What is HPA?
HPA (Host Protected Area) is a 'feature' (read: curse) of certain motherboards that is supposed to help recover from a corrupted BIOS. At the time of this writing (Feb. 2011), only certain older Gigabyte motherboards are known to force an HPA on hard drives. I don't know the exact cut-off date, but if you are using a Gigabyte motherboard manufactured before 2010 then you should definitely check to see if you have HPA on any of your drives. Also, it is definitely possible to have an HPA from a previous motherboard. If a drive has at any point in time been used with one of these HPA-inducing boards, then there's a good chance that it still has a vestigial HPA, even if it has been formatted since.What is the danger?
HPA essentially shrinks the capacity of the drive. As far as unRAID or any other OS is concerned, the drive is now smaller than it used to be. In short, this causes your unRAID array to be unreliable in the event of a disk failure. Read on to see why.
Let's consider an example. Say you are building a new server out of a mixture of 1 TB drives and an old Gigabyte motherboard that has HPA enabled by default. Say your parity drive is a 1 TB drive with a capacity of 1953525168 sectors. All your data drives must be 1953525168 sectors or smaller. As the motherboard boots for the first time, it will first search all the disks connected directly to it via the onboard SATA ports (not on disks connected via a SATA expansion card) for an HPA containing a current copy of its BIOS. Since this is a brand new build, it won't find one. It will then create an HPA on the first drive that initialized. This isn't dependent on the number of the SATA port (SATA0, SATA1, etc.). This may or may not be the parity drive, it depends on how long each drive took to initialize. If there are six drives connected to the motherboard, any one of those six could be a potential target for an HPA. Let's say for example that the motherboard chooses the parity drive for its HPA. The parity drive now reports a size of 1953523055 sectors to unRAID, instead of its native size of 1953525168 sectors. All of a sudden the parity drive is not the largest drive in the array, at least from unRAID's point of view, and the 1 TB drive is an invalid candidate for parity. This is about the best possible scenario, since as this is a new build it would be fairly easy to identify the problem and rectify it.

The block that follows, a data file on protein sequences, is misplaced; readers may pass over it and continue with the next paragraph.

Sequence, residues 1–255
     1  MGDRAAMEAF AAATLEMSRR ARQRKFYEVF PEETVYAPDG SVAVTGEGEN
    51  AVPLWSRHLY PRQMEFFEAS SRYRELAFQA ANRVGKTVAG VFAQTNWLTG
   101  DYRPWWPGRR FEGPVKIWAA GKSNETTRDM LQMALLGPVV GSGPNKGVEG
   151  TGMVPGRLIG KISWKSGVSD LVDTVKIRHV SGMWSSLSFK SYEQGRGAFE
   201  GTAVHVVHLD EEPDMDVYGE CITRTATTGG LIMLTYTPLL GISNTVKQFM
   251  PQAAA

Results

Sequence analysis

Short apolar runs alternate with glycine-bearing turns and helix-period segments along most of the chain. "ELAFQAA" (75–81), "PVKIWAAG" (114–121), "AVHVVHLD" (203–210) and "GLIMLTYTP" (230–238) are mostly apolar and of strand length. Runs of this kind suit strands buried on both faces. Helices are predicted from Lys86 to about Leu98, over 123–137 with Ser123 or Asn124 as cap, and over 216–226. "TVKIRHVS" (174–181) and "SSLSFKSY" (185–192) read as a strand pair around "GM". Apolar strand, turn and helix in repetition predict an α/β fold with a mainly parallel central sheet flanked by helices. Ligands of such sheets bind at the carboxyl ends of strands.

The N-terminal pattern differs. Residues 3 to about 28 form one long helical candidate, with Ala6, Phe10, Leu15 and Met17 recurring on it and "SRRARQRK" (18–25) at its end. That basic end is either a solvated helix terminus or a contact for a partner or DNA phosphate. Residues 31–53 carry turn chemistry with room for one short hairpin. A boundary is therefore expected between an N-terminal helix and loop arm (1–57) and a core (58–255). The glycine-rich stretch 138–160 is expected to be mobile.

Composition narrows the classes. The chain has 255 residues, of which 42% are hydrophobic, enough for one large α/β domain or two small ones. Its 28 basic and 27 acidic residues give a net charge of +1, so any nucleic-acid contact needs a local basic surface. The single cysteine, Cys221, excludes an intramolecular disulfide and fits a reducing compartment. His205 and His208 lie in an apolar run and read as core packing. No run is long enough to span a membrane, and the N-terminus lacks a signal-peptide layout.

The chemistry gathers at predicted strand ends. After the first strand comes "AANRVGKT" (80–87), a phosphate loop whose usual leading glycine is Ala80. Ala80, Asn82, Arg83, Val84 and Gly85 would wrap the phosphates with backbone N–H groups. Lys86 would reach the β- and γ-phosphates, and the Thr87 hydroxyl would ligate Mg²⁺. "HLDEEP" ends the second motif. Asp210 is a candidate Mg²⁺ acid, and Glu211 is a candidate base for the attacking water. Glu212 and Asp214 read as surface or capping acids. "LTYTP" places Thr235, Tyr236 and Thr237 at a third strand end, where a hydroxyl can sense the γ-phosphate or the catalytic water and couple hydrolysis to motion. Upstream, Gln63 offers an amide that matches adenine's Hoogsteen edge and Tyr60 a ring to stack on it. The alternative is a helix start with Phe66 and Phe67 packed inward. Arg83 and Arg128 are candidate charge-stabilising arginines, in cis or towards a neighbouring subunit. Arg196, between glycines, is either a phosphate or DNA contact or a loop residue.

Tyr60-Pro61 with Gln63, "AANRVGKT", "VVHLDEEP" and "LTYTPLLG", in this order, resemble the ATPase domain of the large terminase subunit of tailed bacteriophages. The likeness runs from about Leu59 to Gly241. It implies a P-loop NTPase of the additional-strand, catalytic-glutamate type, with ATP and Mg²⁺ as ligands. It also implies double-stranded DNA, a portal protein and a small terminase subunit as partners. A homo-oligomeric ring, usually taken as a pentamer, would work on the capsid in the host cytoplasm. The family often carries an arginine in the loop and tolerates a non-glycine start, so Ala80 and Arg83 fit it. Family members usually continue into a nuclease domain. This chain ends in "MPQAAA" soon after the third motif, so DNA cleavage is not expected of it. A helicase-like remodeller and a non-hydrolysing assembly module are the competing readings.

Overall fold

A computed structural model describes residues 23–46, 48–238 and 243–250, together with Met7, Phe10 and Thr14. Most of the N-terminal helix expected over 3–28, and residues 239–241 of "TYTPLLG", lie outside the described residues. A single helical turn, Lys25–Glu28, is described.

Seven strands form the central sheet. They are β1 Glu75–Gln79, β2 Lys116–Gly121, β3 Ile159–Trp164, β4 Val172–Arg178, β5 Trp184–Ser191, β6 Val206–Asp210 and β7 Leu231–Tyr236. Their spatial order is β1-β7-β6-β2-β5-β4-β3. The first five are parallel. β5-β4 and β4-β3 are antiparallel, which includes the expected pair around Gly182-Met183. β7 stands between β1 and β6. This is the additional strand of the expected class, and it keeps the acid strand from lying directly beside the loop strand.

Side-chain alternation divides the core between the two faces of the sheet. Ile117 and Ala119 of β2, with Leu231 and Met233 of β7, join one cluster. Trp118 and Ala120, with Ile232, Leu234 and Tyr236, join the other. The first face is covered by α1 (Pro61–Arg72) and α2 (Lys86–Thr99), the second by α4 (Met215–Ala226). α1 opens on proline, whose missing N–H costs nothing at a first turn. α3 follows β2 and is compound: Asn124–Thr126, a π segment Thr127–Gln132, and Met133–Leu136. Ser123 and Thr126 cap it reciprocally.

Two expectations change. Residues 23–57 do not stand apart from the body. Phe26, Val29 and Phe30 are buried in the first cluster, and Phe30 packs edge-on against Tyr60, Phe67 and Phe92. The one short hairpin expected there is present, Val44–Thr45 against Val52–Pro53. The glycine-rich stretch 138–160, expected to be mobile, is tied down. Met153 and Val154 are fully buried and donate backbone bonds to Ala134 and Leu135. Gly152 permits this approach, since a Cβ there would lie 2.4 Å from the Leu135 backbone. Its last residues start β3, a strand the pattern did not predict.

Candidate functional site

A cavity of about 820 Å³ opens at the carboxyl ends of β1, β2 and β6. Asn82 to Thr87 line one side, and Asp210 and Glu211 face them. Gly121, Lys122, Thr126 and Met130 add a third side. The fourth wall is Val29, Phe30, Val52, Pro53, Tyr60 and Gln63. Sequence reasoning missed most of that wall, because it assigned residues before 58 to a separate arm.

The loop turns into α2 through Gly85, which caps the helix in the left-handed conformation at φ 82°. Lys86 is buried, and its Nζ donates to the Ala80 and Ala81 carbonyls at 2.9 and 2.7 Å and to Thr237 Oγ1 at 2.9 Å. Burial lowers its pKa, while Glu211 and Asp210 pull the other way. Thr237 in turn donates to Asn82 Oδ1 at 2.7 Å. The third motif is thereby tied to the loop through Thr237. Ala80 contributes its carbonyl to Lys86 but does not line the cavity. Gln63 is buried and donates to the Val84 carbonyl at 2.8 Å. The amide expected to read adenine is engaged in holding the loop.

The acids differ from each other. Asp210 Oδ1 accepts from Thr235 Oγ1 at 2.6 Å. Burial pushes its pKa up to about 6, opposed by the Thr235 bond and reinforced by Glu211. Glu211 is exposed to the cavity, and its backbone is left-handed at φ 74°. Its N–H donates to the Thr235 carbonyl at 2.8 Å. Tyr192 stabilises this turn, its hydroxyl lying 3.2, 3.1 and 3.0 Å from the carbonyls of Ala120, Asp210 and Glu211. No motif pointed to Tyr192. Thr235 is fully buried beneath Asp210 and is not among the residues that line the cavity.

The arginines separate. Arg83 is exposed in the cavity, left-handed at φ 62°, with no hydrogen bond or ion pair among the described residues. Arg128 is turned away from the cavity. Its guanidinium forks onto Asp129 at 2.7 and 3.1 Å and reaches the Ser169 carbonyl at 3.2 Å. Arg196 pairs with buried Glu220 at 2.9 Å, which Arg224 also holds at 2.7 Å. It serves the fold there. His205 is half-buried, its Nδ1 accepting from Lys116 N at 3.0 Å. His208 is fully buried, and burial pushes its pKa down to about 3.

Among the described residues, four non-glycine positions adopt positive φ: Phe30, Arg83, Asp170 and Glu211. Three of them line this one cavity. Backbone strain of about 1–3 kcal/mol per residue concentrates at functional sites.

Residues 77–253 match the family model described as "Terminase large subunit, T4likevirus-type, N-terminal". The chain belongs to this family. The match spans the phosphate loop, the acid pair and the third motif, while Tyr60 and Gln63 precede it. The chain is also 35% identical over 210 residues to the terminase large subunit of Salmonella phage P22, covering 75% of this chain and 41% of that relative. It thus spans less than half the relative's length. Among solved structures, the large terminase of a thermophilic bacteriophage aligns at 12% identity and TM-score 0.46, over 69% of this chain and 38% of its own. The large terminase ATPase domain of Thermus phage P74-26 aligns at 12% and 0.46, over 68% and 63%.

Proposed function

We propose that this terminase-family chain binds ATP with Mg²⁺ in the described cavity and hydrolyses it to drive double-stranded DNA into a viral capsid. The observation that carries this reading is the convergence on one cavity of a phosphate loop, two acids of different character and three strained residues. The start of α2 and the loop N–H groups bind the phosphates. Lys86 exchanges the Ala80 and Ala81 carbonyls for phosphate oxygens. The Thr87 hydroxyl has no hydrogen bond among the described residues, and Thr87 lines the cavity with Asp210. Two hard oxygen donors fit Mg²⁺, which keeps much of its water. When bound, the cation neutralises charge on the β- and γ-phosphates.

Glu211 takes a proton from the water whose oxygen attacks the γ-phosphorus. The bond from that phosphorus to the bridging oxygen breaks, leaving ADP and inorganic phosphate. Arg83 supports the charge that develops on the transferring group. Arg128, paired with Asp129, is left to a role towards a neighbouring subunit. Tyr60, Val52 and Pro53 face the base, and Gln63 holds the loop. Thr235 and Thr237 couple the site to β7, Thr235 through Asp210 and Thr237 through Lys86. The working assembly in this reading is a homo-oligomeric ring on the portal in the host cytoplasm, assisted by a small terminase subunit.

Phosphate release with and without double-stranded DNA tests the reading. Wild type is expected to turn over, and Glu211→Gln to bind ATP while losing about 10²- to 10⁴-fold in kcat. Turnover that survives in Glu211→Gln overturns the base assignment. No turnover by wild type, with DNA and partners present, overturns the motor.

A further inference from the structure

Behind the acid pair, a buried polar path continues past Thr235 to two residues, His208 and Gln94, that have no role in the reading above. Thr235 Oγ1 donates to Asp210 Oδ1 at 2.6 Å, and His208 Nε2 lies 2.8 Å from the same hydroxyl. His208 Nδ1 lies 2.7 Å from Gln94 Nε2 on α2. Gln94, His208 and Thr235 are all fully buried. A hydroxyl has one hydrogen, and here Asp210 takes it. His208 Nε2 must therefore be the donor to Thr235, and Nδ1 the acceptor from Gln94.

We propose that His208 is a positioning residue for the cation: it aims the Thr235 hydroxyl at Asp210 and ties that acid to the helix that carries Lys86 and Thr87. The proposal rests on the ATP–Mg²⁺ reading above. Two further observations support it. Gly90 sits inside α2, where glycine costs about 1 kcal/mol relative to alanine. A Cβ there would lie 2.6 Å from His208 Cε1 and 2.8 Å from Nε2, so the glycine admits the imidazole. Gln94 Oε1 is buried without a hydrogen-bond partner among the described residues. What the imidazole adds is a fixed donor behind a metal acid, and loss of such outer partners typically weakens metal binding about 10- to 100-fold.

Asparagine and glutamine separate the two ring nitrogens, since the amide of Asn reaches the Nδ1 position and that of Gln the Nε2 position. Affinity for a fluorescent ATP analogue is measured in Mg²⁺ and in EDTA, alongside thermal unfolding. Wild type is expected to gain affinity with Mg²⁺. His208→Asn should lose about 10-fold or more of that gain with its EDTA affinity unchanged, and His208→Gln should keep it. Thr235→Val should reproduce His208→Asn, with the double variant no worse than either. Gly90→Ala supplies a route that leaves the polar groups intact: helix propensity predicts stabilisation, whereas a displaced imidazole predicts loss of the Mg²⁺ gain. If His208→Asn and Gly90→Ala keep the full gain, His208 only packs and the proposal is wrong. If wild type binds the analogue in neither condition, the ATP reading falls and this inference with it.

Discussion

Now let's consider the worst possible scenario. Say you built the server above and just allowed the HPA to reside on one or more of your data disks. As long as the parity disk is the largest, unRAID will still function normally even if multiple disks have an HPA. For this example let's say that your array has only one disk with an HPA - disk1. The parity and all the other data disks are HPA free. Every time the server boots the motherboard searches for an HPA, finds it on disk1, and then contented it takes no further action. Then..disaster strikes - disk1 fails. You shut down the server, replace disk1 with another 1 TB drive, then boot up expecting to be able to recover disk1's contents onto the new disk. Alas, you are greeted with a 'parity is not the largest disk' message. What happened? When you booted the server after replacing the failed disk, the motherboard again searched for a valid HPA, but this time didn't find one, as disk1 was no longer present. So it created a new HPA on another disk, which just so happened to be your parity disk. Your array is now essentially missing two disks - disk1 has failed, and the former parity disk is now smaller than it should be, so it isn't a valid parity disk. At this point you would be unable to recover the data from disk1 without the careful guided help from members of this forum. Even with that help, there's still a chance of permanent data loss.How will I know it when I see it?